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Operators and solvers for high-performance computing.

Project description

The PyOperators package defines operators and solvers for high-performance computing. These operators are multi-dimensional functions with optimised and controlled memory management. If linear, they behave like matrices with a sparse storage footprint.

More documentation can be found here: http://pchanial.github.io/pyoperators.

Getting started

To define an operator, one needs to define a direct function which will replace the usual matrix-vector operation:

>>> def f(x, out):
...     out[...] = 2 * x

Then, you can instantiate an Operator:

>>> A = pyoperators.Operator(direct=f, flags='symmetric')

An alternative way to define an operator is to define a subclass:

>>> from pyoperators import flags, Operator
... @flags.symmetric
... class MyOperator(Operator):
...     def direct(x, out):
...         out[...] = 2 * x
...
... A = MyOperator()

This operator does not have an explicit shape, it can handle inputs of any shape:

>>> A(np.ones(5))
array([ 2.,  2.,  2.,  2.,  2.])
>>> A(np.ones((2,3)))
array([[ 2.,  2.,  2.],
       [ 2.,  2.,  2.]])

By setting the symmetric flag, we ensure that A’s transpose is A:

>>> A.T is A
True

For non-explicit shape operators, we get the corresponding dense matrix by specifying the input shape:

>>> A.todense(shapein=2)
array([[2, 0],
       [0, 2]])

Operators do not have to be linear. Many operators are already predefined, such as the IdentityOperator, the DiagonalOperator or the nonlinear ClipOperator.

The previous A matrix could be defined more easily like this:

>>> from pyoperators import I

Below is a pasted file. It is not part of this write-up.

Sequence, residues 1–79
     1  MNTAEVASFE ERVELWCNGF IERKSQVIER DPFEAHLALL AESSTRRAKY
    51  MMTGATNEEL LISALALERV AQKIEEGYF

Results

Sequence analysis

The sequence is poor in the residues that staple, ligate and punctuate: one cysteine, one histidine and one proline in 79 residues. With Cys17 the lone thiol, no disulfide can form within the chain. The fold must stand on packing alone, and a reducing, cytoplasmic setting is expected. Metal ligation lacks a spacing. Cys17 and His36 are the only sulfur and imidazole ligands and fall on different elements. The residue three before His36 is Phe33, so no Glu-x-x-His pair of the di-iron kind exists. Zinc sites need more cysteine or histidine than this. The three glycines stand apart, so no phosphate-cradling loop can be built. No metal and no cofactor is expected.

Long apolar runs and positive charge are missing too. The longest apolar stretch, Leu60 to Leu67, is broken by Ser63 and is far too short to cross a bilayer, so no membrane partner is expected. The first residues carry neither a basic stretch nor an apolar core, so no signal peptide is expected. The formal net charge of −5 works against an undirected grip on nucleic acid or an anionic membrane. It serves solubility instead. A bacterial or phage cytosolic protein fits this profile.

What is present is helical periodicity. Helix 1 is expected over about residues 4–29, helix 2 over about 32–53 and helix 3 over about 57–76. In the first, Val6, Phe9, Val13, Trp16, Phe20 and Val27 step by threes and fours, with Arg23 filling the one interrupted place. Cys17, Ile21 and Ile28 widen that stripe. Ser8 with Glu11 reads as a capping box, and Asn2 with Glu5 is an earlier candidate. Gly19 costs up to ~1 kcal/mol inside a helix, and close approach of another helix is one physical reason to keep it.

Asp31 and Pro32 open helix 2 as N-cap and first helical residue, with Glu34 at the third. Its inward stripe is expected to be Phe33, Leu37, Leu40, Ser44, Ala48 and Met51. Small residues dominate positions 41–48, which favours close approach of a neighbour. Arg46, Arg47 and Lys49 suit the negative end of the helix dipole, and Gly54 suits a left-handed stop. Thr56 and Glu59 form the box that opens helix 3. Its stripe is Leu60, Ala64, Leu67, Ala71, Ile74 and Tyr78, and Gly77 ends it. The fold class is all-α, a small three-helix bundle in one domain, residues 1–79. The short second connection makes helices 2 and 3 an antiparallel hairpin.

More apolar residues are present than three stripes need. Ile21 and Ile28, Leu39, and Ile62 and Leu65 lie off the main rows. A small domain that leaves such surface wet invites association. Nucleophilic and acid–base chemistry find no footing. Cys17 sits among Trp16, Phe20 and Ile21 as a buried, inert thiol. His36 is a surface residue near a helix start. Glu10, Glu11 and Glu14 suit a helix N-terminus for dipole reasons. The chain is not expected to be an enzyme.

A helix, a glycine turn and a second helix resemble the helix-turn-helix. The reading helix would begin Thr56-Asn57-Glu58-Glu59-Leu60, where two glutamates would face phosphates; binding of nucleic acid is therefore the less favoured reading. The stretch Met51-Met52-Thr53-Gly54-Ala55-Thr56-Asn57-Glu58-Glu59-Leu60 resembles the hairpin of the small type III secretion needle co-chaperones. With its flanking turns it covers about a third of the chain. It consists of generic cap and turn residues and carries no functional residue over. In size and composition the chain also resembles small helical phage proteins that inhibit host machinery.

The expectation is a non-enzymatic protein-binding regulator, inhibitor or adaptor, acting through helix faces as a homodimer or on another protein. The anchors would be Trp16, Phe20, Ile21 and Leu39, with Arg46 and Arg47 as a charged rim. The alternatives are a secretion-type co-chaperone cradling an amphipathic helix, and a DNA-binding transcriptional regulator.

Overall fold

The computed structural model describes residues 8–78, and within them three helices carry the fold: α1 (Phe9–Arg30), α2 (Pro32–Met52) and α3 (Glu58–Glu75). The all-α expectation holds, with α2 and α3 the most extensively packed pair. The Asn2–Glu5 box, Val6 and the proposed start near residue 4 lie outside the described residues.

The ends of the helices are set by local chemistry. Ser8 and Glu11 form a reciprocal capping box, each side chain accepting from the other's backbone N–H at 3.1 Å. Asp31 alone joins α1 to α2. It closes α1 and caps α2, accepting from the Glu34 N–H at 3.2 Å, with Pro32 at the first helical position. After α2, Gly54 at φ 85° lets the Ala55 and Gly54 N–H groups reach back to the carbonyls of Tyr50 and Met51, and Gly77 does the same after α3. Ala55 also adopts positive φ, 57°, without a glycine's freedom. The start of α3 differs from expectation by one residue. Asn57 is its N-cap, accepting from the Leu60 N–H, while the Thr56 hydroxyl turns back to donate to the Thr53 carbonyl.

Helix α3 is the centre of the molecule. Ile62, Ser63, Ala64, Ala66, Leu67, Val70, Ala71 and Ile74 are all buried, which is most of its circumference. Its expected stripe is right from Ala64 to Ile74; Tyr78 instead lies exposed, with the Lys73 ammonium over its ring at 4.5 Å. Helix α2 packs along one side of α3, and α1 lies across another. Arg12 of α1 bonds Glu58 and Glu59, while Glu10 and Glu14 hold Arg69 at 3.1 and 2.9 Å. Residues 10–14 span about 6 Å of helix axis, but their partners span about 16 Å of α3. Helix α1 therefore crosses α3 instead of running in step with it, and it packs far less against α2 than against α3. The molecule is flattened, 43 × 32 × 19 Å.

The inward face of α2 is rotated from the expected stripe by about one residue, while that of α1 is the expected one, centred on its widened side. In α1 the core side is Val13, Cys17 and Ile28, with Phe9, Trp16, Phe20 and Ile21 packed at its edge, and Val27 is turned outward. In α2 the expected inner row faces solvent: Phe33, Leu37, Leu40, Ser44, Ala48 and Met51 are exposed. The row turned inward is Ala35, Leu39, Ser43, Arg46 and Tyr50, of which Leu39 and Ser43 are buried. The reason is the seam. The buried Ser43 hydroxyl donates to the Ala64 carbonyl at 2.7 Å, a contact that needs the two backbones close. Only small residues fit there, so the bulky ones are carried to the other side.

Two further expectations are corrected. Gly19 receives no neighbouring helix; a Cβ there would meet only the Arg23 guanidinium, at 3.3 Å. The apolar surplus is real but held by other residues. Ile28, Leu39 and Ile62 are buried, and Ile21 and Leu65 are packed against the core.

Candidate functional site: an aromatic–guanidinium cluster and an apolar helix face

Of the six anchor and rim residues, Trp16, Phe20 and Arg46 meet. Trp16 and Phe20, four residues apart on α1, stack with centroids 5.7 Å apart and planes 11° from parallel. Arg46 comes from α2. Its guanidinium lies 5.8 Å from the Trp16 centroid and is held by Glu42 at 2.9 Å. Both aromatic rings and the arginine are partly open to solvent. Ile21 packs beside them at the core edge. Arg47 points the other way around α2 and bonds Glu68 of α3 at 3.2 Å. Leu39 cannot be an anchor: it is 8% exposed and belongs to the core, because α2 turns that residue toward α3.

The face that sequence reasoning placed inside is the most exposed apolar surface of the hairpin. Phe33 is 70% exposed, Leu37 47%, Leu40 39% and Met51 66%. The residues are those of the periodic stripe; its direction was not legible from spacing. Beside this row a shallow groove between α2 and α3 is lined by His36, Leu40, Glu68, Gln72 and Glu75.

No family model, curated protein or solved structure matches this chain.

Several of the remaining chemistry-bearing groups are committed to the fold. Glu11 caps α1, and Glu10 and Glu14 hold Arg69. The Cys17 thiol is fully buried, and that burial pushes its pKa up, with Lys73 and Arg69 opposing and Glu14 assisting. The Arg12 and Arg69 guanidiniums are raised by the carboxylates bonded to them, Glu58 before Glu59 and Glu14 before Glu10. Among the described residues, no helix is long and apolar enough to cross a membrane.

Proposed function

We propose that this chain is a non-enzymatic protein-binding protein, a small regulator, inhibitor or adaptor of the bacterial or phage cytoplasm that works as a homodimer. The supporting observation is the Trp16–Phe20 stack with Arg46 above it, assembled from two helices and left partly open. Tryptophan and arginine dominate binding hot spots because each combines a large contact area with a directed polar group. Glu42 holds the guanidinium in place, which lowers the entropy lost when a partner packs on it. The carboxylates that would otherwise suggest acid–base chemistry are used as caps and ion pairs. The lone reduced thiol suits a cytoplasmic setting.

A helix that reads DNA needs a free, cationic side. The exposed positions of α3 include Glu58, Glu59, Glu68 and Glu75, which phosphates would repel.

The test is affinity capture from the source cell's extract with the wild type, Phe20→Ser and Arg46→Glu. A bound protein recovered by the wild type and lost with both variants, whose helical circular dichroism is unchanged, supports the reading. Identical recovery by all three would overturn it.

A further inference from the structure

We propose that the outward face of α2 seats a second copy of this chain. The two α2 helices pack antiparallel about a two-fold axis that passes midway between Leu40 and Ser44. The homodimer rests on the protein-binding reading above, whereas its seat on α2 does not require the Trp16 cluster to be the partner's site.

>>> A = 2 * I

where I is the identity operator with no explicit shape.

Operators can be combined together by addition, element-wise multiplication or composition. Note that the operator * stands for matrix multiplication if the two operators are linear, or for element-wise multiplication otherwise:

>>> from pyoperators import I, DiagonalOperator
>>> B = 2 * I + DiagonalOperator(range(3))
>>> B.todense()
array([[2, 0, 0],
       [0, 3, 0],
       [0, 0, 4]])

Algebraic rules can easily be attached to operators. They are used to simplify expressions to speed up their execution. The B Operator has been reduced to:

>>> B
DiagonalOperator(array([2, ..., 4], dtype=int64), broadcast='disabled', dtype=int64, shapein=3, shapeout=3)

Many simplifications are available. For instance:

>>> from pyoperators import Operator
>>> C = Operator(flags='idempotent,linear')
>>> C * C is C
True
>>> D = Operator(flags='involutary')
>>> D(D)
IdentityOperator()

Requirements

List of requirements:

  • python 2.6
  • numpy >= 1.6
  • scipy >= 0.9

Optional requirements:

  • numexpr (>= 2.0 is better)
  • PyWavelets : wavelet transforms

Project details


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